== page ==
The main element for a successful quality management system is efficient leadership and the company’s systems must be structured and organised with its quality goals in mind. It is important to note, however, that the quality management system is an on-going activity that requires continuous improvement and adaptation.
A quality management system outlines the specific responsibilities of managers. Management must be responsible for establishing the policies and processes of the quality system, ensuring all policies, processes, procedures and instructions are documented. They are also responsible for making sure that all personnel understand the necessary documents, instructions and their duties, and must provide them with the appropriate authority and resources to carry out their role.
Laboratory leaders must be fully committed to the implementation of the system, and will need vision, team building and motivational skills, good communication techniques, and the ability to use resources responsibly. The structure of the organisation should be clearly defined and this should be reflected by a functional organisational chart, with a clear assignment of responsibility.
Preparation for such systems is key; the lab leader should create a plan which clearly maps out timeframes, who is responsible for each activity and who will be managing the workflow, as well as the use of human and financial resources.
As components of the quality management system are put in place, processes for monitoring will be needed to ensure that the system functions properly and that benchmarks and standards are being met.
Duties in the lab
Management is charged with providing a quality manual that describes the quality management system. The quality manual outlines how policies are established and communicated to the staff and laboratory users.
Laboratory directors have principal responsibility for setting up an organisation that can support the quality system model. They are responsible for developing policies, assigning responsibility to the appropriate persons, ensuring resources and reviewing the organisational aspects of the system for optimal functioning of quality processes. They must ensure that staff follow the quality policies outlined in the quality manual.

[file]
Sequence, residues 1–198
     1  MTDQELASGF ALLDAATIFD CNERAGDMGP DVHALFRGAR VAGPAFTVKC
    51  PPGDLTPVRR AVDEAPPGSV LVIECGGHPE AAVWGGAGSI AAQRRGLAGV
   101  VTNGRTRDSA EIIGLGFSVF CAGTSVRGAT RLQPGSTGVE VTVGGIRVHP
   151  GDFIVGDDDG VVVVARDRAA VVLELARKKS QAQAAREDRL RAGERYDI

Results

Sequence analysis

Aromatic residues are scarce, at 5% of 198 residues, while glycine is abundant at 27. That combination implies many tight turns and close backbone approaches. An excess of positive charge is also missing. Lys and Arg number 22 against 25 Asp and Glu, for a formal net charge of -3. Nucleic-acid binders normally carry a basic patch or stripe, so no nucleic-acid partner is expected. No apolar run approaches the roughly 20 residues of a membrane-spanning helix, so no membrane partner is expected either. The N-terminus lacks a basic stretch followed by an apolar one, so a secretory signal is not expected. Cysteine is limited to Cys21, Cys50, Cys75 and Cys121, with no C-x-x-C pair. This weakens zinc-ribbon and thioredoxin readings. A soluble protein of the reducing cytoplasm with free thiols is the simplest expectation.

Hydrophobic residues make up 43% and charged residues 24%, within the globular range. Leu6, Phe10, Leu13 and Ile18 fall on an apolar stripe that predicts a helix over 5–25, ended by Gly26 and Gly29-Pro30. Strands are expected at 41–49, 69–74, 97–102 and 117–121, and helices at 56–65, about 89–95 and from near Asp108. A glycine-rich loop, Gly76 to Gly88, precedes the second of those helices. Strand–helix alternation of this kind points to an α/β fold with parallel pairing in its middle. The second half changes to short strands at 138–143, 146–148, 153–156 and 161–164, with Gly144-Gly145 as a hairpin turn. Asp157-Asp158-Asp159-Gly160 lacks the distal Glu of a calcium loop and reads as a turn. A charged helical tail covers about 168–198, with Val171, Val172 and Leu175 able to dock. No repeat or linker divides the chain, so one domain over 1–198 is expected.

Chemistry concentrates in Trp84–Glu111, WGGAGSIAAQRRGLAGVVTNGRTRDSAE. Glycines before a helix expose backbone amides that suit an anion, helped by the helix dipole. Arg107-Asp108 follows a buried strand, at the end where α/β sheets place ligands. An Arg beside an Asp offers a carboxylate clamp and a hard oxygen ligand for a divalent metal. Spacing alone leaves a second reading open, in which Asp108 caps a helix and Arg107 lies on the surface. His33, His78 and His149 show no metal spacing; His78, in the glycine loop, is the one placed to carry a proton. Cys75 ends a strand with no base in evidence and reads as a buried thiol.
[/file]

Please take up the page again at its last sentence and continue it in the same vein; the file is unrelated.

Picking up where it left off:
Quality managers assist in developing policies, planning and implementing the quality management system. They are usually responsible for many of the implementing and monitoring processes and must communicate all aspects of the quality management system processes to the laboratory director or head of the laboratory.
Laboratory staff are responsible for understanding the organisational structure of the laboratory, including where authority and responsibility are assigned. The laboratory staff will follow all of the quality policies in their daily work routine.
Financial information is typically the most important aspect for the interested stakeholders. It will also serve as a means to measure the financial projections against actual financial information if the feasibility study is implemented.
Several financial statements should be included in the proposal. An income statement, cash flow statement and balance sheet will indicate the viability of the new business. All expenses should be included in the financial projections.2
Having a strong marketing strategy is imperative, not only in terms of how you plan to capture the market but also how you intend to grow. This can be divided into the four Ps – product, price, plan and promotions.
- Offering long-term contract packages
- Express analysis fees
- Widening your laboratory’s scope of analysis
- Via the website, social media and events.
This is an important factor to understand as it may be necessary to include in the financial pro forma when considering direct and indirect costs.
Finally, be aware of who your demographic is, as your service area is an important choice and can dictate your offering.
About the author
Abdelrhman Youssef is a Chemist and Microbiologist working for Intertek Testing Services – Caleb Brett Egypt Ltd – Agriculture Laboratory. Youssef graduated from Alexandria University with a Bachelor of Science in (Major) Chemistry and (Minor) Physics. Prior to his current role at Intertek, he worked as a Quality Control Chemist for a pasteurised liquid egg plant. He has experience in inspection, manufacturing, auditing processes and instrument calibration and has specific knowledge of quality improvement principles.
- ISO 15194, In vitro diagnostic medical devices — Measurement of quantities in samples of biological origin — Requirements for certified reference materials and the content of supporting documentation
- Hass KB. (2008). The Business Analyst as Strategist: Translating Business Strategies into Valuable Solutions. Vienna, VA: Management Concepts